As a child, I have visited Udaipur, Mount Abu and Chittorgarh with my family. Out of the three, I remember Mount Abu most distinctly and only because I had found the place to be too crowded and commercial for my taste – and that was probably 20 years ago! So this time around, I had very low expectations from it. I knew the Dilwara temples were spectacular and they were the only reason we decided to make this a stopover before heading to Udaipur.
Mount Abu is the only hill station in Rajasthan and has been used as a retreat from the crazy Rajasthan summers for centuries. We got to Hotel Samrat International on Mount Abu road, the main lifeline of the town, quite late last night We stopped for dinner en route at one of the many highway restaurants that line the roads between Patan and Palanpur, one of the last big towns at Gujarat’s northwestern border. And suprisingly, the food was quite good. I guess, this route is quite popular as it connects Ahmedabad to Rajasthan, and therefore, there are enough roadside options for the weary traveller.
Today morning we woke up late and headed out towards the famed Dilwara temples. It’s about 3km uphill from town and shared jeeps are available for the trip. But at 11:30am, we couldn’t find anybody to share the jeep with, so for Rs.40 we had the jeep to ourselves and were driven to the temples quite comfortably. We realized that, though quite scenic, the road was a little deserted and may not have been very safe to walk on. Lonely Planet had mentioned that, unfortunately, due to Mount Abu’s popularity and commercialism, there have been many incidents of mugging (and worse).
Dilwara temples have a nice system – they are open to only Jains in the morning, when all the poojas and rituals are conducted. All other visitors can visit from noon onwards. When we got there, the guards made us a wait a bit till there was a small crowd and then we were all let in together. Within the temple, a security guard corralled us and guided us towards the first temple. He went on to explain the history of the region and how the temples came about to be. Later, he handed us over to a temple priest, who continued the tour through two other temples. At the end, he asked for donations for the services provided by the security guards and priests, which we were more than happy to give. They had done a good job explaining and didn’t bore us with too many facts. For them, too, this is a nice supplement to their regular earnings at the temple, especially during tourist seasons. After the tour, we were allowed to see the temples again at our pace and spend as much time as we wanted.
Built between the 11th and 13th centuries, completely of marble, Dilwara temples are truly, truly spectacular! Everybody told us that Mount Abu is not worth the visit but I think these temples have to be seen and experienced! The carvings on the pillars are unbelievable, but even more spectacular are those on the ceilings. One such carving, hanging from the domed ceiling of the main temple, is mentioned in the Guinness book of records for being the most spectacular piece of art made from 1 block of marble, weighing about 600 kilos!!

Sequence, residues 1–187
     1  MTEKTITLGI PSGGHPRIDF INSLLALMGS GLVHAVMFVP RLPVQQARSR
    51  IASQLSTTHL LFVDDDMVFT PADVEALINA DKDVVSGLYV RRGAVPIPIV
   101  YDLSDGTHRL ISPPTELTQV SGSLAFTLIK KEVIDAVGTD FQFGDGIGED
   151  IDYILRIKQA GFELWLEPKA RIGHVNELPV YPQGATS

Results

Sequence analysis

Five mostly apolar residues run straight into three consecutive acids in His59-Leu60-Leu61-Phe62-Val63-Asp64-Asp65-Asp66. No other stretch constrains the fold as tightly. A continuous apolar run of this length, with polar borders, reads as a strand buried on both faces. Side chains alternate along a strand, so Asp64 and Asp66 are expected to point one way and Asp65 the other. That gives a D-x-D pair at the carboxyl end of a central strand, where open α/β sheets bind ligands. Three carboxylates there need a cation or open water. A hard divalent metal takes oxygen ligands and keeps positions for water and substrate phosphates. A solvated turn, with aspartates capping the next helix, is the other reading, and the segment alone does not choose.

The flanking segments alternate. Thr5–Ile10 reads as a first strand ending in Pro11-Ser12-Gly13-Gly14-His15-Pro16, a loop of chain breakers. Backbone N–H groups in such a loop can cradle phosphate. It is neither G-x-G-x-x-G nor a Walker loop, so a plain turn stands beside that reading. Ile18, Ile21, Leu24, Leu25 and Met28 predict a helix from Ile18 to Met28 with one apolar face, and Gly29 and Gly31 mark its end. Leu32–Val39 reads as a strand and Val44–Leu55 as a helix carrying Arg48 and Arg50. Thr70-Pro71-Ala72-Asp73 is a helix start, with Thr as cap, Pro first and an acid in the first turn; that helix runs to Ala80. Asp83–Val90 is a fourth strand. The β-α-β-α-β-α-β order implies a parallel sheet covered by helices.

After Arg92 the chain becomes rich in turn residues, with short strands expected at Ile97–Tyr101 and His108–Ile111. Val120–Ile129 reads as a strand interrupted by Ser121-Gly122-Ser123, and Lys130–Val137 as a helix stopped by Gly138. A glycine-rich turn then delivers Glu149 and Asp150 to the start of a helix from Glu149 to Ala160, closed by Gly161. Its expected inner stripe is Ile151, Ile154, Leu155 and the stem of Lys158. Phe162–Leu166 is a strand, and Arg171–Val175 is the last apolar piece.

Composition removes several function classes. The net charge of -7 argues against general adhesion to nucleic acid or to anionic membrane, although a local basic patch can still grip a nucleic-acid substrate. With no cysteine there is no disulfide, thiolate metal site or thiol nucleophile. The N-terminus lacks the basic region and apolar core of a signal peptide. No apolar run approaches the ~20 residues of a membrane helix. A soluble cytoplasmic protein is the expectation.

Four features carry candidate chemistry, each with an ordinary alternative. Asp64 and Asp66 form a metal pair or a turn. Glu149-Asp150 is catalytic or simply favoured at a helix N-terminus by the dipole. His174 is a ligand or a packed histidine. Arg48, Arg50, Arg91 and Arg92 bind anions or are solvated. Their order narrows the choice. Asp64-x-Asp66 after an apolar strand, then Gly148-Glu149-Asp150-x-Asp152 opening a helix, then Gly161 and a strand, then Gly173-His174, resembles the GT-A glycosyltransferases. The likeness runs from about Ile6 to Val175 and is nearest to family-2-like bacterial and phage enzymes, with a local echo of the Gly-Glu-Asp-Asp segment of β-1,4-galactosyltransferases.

We spent two hours on the temple premises and absolutely LOVED the atmosphere there. The temples are lovingly maintained and don’t have a commercial air about them. In fact, this has been a feature of most Jain temples we’ve visited so far; they seem to be doing a great job maintaining the sanctity of their devotion and traditions.
The rest of the day was spent in walking around Mount Abu’s small market area, eating, lounging at a coffee shop, browsing the internet at a cyber cafe and generally lazing. Apart from Dilwara, there’s nothing much to see at Mount Abu, that is if you don’t count the usual stuff like Sunset Point and Suicide Point. Even Nakki Lake is not worth a visit. Strangely, I had remembered it to be a big lake, with tons of stores lining the road that encircled it. However, when we went there in the evening, we found an uninspiring mass of water with a small promenade built on its western bank, which was quite boring and had nothing to offer except for boat rides out into the lake. We were not impressed at all.
This is not really tourist season in Mount Abu. The driver who drove us here from Patan mentioned that the place is packed during holidays like Diwali and New Year, and on weekends. He also mentioned that it’s a very popular honeymooning place for newly married couples. And this was apparent in the many ‘honeymoon suites’ that were being offered by all the hotels in the area. Since December is the busiest wedding season in India, there were young couples everywhere. Most of the girls had mehndi (henna) on their palms and feet and bright red and gold bangles on their wrists.
Though Mount Abu is commercial and can be crazy during the holidays, it has some charm to it. There are quite a few good hotels to laze in as well; our Samrat International was quite good too. But, then again, there’s nothing much to do here. So Madhu and I have decided to move on to Udaipur tomorrow.